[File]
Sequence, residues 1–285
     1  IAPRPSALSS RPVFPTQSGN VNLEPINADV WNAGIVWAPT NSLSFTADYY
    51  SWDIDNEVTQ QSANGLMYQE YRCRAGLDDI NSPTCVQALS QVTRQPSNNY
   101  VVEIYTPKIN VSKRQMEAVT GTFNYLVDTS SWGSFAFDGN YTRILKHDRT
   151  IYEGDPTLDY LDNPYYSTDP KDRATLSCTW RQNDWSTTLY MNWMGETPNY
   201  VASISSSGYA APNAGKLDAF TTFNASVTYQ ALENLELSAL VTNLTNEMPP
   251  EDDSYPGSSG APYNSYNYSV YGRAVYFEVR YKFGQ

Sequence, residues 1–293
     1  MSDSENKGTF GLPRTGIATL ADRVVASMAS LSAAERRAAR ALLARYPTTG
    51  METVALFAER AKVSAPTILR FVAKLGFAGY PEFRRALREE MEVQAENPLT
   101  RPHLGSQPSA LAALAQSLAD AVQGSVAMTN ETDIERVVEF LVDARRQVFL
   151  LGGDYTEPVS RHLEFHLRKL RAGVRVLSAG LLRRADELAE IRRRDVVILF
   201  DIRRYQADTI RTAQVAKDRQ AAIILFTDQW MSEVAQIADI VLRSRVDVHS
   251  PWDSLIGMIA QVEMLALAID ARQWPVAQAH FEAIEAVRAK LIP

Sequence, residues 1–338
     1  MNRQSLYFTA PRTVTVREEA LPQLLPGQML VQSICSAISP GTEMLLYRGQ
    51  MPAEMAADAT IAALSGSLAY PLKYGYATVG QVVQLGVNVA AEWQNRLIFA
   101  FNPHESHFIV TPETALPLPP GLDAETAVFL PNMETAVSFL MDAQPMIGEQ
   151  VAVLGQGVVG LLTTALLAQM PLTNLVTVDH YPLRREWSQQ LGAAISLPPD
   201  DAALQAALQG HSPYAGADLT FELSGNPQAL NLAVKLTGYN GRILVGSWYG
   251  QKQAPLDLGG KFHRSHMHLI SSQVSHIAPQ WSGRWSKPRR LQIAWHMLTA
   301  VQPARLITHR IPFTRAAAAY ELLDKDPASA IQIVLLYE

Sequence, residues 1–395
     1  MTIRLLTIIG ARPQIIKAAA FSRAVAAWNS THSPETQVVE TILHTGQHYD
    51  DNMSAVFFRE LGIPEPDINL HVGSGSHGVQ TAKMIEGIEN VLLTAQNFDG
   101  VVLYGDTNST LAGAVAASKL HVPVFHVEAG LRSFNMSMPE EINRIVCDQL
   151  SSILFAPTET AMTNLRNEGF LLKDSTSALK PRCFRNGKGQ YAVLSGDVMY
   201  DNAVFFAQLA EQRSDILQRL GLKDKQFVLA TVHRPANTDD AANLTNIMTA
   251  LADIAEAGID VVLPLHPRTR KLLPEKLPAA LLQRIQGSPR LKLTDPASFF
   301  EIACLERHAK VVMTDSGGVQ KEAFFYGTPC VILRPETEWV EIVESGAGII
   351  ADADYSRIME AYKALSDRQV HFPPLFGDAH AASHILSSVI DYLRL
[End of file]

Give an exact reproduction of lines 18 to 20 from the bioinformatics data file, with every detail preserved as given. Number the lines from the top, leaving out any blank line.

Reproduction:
   101  FNPHESHFIV TPETALPLPP GLDAETAVFL PNMETAVSFL MDAQPMIGEQ
   151  VAVLGQGVVG LLTTALLAQM PLTNLVTVDH YPLRREWSQQ LGAAISLPPD
   201  DAALQAALQG HSPYAGADLT FELSGNPQAL NLAVKLTGYN GRILVGSWYG